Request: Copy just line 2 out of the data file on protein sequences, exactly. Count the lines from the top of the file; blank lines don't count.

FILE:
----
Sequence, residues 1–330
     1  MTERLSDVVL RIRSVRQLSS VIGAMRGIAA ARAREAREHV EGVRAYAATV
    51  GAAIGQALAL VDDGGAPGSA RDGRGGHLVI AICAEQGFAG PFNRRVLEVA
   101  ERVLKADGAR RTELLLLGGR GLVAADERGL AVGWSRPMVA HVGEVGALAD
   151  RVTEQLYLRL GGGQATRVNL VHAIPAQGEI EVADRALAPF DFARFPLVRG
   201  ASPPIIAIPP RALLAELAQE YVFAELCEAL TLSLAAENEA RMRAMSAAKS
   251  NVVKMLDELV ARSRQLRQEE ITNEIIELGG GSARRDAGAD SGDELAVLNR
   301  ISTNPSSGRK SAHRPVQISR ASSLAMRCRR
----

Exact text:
     1  MTERLSDVVL RIRSVRQLSS VIGAMRGIAA ARAREAREHV EGVRAYAATV